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Bo Savino

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Publisher:  ToPS ISBN-10:  1461062462


Copyright:  2012 ISBN-13:  9781461062462

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The fate of the world weighs heavy on Yeshua Star's shoulders with no help from any quarter. No one wants to believe that Ithane is back, and yet they all feel her spirit is growing stronger within Yeshua every day. Will Yeshua win the struggle against a ghost of the past? Or will she give in and let the world be damned?

Yeshua Star is back and feeling all alone in her fight against the darkness and a looming threat of Armageddon.

The Angels are coping with their newly released ability to do anything they want—so are doing nothing. The immortals are holding secret meetings. Haunting dreams of Chaz’s imminent death keep Yeshua off-balance and looking for answers.

The fate of the world still weighs heavy on her shoulders with no help from any quarter. No one wants to believe that Ithane is back, and yet they all feel her spirit is strong within Yeshua and growing stronger every day.

Will Yeshua win the struggle against a ghost of the past? Or will she give in and let the world be damned? 

Chapter 1

“It is the test of a good religion whether you can joke about it.”
~ G.K. Chesterson

“I make jokes about many religions, but I stopped laughing long ago.”
~ Yeshua Star

The first time I ever encountered evil, I have to admit—I was disappointed. I’ve gotten over it. With the things I have seen, I’m no longer disappointed by evil. It even manages to surprise me on occasion.

That’s what I was concerned about now. It was quiet—way too quiet for my satisfaction. In my opinion, it’s the little ones and the quiet ones you need to worry about. This one wasn’t little, but she was way too quiet.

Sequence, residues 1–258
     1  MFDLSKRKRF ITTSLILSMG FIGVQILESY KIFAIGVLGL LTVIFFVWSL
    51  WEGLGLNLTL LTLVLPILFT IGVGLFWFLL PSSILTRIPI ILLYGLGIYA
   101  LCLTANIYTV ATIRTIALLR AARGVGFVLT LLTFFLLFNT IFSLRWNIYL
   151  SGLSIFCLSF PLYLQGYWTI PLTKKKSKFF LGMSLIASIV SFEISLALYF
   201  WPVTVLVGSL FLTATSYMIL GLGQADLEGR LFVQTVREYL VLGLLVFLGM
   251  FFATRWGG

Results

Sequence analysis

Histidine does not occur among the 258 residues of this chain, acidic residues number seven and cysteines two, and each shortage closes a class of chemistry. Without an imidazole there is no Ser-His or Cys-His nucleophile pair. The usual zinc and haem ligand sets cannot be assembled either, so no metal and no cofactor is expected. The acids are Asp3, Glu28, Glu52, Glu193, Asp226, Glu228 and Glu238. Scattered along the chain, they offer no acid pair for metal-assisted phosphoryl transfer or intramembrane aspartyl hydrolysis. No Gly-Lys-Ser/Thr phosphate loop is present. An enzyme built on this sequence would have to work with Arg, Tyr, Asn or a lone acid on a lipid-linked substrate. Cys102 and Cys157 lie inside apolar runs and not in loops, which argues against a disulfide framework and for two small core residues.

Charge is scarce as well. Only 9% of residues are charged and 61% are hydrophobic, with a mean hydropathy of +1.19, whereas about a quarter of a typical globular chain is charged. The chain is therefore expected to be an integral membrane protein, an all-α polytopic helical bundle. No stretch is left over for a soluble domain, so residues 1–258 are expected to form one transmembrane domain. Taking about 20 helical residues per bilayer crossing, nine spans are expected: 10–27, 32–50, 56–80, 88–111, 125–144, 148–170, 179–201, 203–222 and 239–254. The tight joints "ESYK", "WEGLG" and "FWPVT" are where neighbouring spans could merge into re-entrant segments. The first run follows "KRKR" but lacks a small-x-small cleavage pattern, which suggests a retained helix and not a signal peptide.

On my way into the lair of one of the big bads that I’d managed to accidentally set free from imprisonment, I was distracted by other thoughts—like making sure my ass came out in one piece. In this case, the lair was a three bedroom rambler painted a hideous shade of green that stuck out like a big, neon X marks the spot in a fairly quiet, otherwise normal neighborhood. There’s no accounting for taste, especially not demonic taste.

Astaroth was no slouch within the ranks of the Fallen Ones. In the first go-around of the Angelic Wars, she was the seductress who turned many of the Host toward the side of Lucifer and the Fallen. She was up to her old tricks. Here it was, only four months since Abaddon had been released upon the unsuspecting Earth and she had already turned almost a dozen of the once faithful Host to fight for the other side.

Maybe I need to back up a little. My name is Yeshua Star. I am employed by the Church in an unacknowledged capacity to handle the things they try not to let the masses know even exist. What does that mean? I get paid—no taxes, no W-2s—for hunting things that could easily kill me—or worse. Believe me; with the types of things I face, death was the better option.

My life was pretty cut and dried until recently. I thought I had a pretty good handle on what it was all about. Who wouldn’t in my position? I had carte blanche in my job, a great assistant who helped me stay out of my own way, and back up when needed in the form of the ancient gods.

Okay, so maybe they weren’t gods. They were actually humans who had learned to work the system, knew a little hocus pocus, and possessed immortality. They had once been worshipped as gods in times so long ago that most of us don’t even remember. Apparently I should have. Not too long ago I found out that although my human body had only been around for some thirty-odd years, this wasn’t the first time I had been pounding a beat on Earth.
All of this came to light—and then some—when the angels knocked on my door. I mean that in a literal sense. It’s funny. Even though I spent years growing up in church-run homes under the strict tutelage of the priests who groomed me for my job, I’d never really given any thought to the existence of angels. I fought the good fight against the darkness, kicking some serious demon tail. Now I recognize that there’s a balance between the darkness and light that needs to be maintained. For all the years I picked at the edges of the darkness to break its hold wherever I could, it hadn’t dawned on me that there were beings of light just as powerful as those things of the dark I fought against.